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Alexander Hinman




Location: washington, dc
Joined: 08 Oct 2005
Reading list: 50 books

Posts: 180

PostPosted: Mon 20 Feb, 2006 9:47 am    Post subject: Cutting Bamboo         Reply with quote

This is a rather unusual question, but I was wondering about the use of bamboo as a cutting medium, specifically which type to use, whether I should take any extra safety precautions, and what thickness of stalk I should use. I've got a good deal of bamboo in my back yard, but have been rather worried about what it might do to the edge of my sword.

I realise most of us here probably aren't biologists of any sort, but general thoughts on bamboo as a medium would also be helpful.

Thanks, Alex
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Joachim Nilsson





Joined: 29 Sep 2003

Posts: 510

PostPosted: Mon 20 Feb, 2006 11:22 am    Post subject:         Reply with quote

What are you going to cut it with?
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Jay Davis




Location: Carrollton, GA
Joined: 17 Nov 2003

Posts: 13

PostPosted: Mon 20 Feb, 2006 11:45 am    Post subject:         Reply with quote

I've cut some bamboo before. It needs to be green and living, forget trying to cut any that's dried up. If you are not going to cut it where it's growing, you can cut it down and cut it on a stand, but you need to cut it within a couple of hours of harvesting it. That being said, the big stuff is still a challenging cut, and one that needs experience and a little caution.
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Eric Allen




Location: Texas
Joined: 04 Feb 2006

Posts: 207

PostPosted: Mon 20 Feb, 2006 12:23 pm    Post subject: Re: Cutting Bamboo         Reply with quote

Alexander Hinman wrote:

I realise most of us here probably aren't biologists of any sort, but general thoughts on bamboo as a medium would also be helpful.

Thanks, Alex


I am a biologist of sort. (more specifically, i'm a paleontologist, but I have experience with extant stuff as well like all good paleontologists). What you need is not a biologist (or botnast) but an experienced swordsman.

That said, I would echo Jay's comments, and add that you might want to try and find a stalk more than 1-inch but less than about 6 in diameter to start. If the bamboo is still moist (i.e. fresh) it shouldn't provide too bad of a target (I've seen bamboo used as a cutting target before). It WILL present more of an opportunity to damage your blade than say, a pool noodle.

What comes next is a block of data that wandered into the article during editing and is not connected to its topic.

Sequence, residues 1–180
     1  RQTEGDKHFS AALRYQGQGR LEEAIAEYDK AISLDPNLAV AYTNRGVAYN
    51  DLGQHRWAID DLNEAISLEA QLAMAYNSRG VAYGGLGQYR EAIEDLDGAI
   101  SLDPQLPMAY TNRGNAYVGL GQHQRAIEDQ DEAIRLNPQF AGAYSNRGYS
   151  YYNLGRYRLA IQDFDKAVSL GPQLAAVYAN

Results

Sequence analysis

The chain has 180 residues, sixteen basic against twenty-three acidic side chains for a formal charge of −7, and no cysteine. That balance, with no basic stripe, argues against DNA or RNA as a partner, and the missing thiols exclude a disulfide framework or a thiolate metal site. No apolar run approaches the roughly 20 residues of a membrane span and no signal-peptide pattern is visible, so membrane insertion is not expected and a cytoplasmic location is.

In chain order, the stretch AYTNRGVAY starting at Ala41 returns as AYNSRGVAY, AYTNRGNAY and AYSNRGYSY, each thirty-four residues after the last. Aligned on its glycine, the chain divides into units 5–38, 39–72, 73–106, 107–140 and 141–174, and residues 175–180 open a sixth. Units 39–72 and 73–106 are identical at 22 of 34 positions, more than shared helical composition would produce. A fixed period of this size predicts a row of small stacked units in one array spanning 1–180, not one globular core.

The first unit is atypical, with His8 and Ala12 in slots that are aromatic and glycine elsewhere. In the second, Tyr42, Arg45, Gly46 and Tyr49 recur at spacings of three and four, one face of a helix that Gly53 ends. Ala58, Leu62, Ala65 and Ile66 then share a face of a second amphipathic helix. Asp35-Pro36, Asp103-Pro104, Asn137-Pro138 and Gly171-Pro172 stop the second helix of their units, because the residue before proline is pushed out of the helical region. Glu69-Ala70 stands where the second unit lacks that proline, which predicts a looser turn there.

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Alexander Hinman




Location: washington, dc
Joined: 08 Oct 2005
Reading list: 50 books

Posts: 180

PostPosted: Mon 20 Feb, 2006 1:31 pm    Post subject:         Reply with quote

Joachim Nilsson wrote:
What are you going to cut it with?


My Albion Hospitaller. Though I'm going to cut it down to bring it into the 'cutting area' with a large, ugly knife that I made a year or so ago.

And the bamboo is good and fresh (still growing), though the stalks don't reach anywhere near 6" in diameter. The largest, I've seen, I think, is 3"-3.5".

Of course, cold weather isn't very nice to steel (or my hands, for that matter), so I'm going to wait till spring to do this, but it's good to know in advance.
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Joachim Nilsson





Joined: 29 Sep 2003

Posts: 510

PostPosted: Mon 20 Feb, 2006 1:40 pm    Post subject:         Reply with quote

Alexander Hinman wrote:


My Albion Hospitaller. Though I'm going to cut it down to bring it into the 'cutting area' with a large, ugly knife that I made a year or so ago.



Then why cut bamboo? (And in NO way is this asked with discontent or any other type of negative tone of voice -I'm just curious.)
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Alexander Hinman




Location: washington, dc
Joined: 08 Oct 2005
Reading list: 50 books

Posts: 180

PostPosted: Mon 20 Feb, 2006 5:19 pm    Post subject:         Reply with quote

The main reasons I'm cutting bamboo are
a) It's abundant
b) There is relatively little preparation involved in comparison with other cutting mediums (leaving newspapers to soak, drinking milk, etc... I just have to intersperse it with the other mediums so I can make it last)
c) Most importantly, I haven't done much with cutting mediums harder than very tightly rolled and soaked newspaper wrapped in duct tape. I figure bamboo would be a nice harder cutting medium that would do relatively minor damage to the edge compared to, say, 1/2 inch plywood or a helm.
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